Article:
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Defiant Hong Kong protesters demand leader steps down

HONG KONG – Thousands of pro-democracy protesters thronged the streets of Hong Kong on Wednesday, some of them jeering National Day celebrations, and students threatened to ramp up demonstrations if the city’s pro-Beijing leader did not step down.

Defiant Hong Kong protesters demand leader steps down
Defiant Hong Kong protesters demand leader steps down

There was little sign of momentum flagging on the fifth day of the “Occupy Central” protest, whose aim has been to occupy sections of the city, including around the Central financial district, in anger at a Chinese decision to limit voters’ choices in a 2017 leadership election.

Many had feared police would use force to move crowds before Wednesday’s celebrations marking the anniversary of the foundation of the People’s Republic of China in 1949. Those fears proved unfounded, and police stayed in the background.

The crowds have brought large sections of the Asian financial hub to a standstill, disrupting businesses from banks to jewellers. There were no reports of trouble on Wednesday, but witnesses said the number of protesters swelled in the evening.

Hong Kong student leader Lester Shum issued an ultimatum to the city’s leader Leung Chun-ying: step down or else face wider protests.

“We will escalate the action if CY Leung doesn’t resign by tonight or tomorrow night. We will occupy more government facilities and offices,” he told reporters, without elaborating.

“I believe the government is trying to buy more time. They want to use tactics such as sending some people to create chaos so that they would have a good reason to disperse the crowd.”Riot police had used tear gas, pepper spray and baton charges at the weekend to try to quell the unrest, but tensions have eased since then as both sides appeared ready to wait it out, at least for now.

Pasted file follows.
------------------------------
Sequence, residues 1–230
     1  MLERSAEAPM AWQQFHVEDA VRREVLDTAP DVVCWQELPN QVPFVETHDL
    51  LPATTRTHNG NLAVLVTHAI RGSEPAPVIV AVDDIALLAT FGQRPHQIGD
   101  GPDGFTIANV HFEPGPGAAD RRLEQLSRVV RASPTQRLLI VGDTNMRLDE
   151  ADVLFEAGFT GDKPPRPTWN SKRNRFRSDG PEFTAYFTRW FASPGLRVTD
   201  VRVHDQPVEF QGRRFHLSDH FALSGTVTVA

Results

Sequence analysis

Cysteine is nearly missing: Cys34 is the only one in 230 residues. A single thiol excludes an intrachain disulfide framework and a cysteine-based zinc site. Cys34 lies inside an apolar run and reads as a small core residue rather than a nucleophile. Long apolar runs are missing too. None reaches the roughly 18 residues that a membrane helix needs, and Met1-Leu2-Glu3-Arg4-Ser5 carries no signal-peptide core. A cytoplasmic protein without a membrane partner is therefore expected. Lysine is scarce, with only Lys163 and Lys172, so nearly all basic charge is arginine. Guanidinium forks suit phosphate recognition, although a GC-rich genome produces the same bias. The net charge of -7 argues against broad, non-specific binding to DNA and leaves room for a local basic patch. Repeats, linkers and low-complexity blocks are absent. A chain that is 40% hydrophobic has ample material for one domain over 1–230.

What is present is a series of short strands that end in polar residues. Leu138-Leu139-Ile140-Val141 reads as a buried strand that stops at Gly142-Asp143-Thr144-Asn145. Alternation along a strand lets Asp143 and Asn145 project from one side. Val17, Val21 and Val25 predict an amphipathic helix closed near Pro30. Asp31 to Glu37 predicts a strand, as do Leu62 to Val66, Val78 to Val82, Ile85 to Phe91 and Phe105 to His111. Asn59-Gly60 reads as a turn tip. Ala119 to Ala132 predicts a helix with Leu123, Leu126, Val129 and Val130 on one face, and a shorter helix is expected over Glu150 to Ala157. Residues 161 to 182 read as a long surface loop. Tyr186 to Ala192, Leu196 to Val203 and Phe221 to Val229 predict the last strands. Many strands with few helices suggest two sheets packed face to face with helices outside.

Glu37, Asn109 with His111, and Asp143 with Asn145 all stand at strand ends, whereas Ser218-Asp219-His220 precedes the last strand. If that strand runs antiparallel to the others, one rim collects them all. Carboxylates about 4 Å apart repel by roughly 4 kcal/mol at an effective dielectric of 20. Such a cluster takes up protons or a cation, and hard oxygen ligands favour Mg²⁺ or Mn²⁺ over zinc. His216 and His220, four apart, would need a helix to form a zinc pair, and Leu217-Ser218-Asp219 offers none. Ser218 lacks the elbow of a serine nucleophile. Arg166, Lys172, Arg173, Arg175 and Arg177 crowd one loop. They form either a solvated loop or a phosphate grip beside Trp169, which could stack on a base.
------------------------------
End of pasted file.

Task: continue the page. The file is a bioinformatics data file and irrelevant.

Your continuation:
The protests are the worst in Hong Kong since China resumed its rule of the former British colony in 1997. They pose one of the biggest political challenges for Beijing since it violently crushed pro-democracy protests in Tiananmen Square in 1989.

“Softer” approach

A government source with ties to the chief executive said Leung and his advisers planned to soften their approach.

“It may take a week or a month, we don’t know. Unless there’s some chaotic situation, we won’t send in riot police … we hope this doesn’t happen,” the source said.

China has dismissed the protests as illegal, but in a worrying sign for the Communist Party leadership in Beijing, the pro-democracy protests have spread to neighbouring Macau and Taiwan.

On Wednesday, the Hong Kong demonstrations moved into Tsim Sha Tsui, a shopping area popular with mainland Chinese visitors. It would normally be doing roaring trade during the annual National Day holiday.

Underlining nervousness among some activists that provocation on National Day could spark violence, protest leaders urged crowds not to disturb the flag-raising ceremony on the Victoria Harbour waterfront.

The event went ahead peacefully, although scores of students who ringed the ceremony at Bauhinia Square booed as the national anthem was played.

A beaming Leung shook hands with supporters waving the Chinese flag, even as protesters who want him to stand down chanted: “We want real democracy.”

“We hope that all sectors of the community will work with the government in a peaceful, lawful, rational and pragmatic manner … and make a big step forward in our constitutional development,” Leung said in a speech.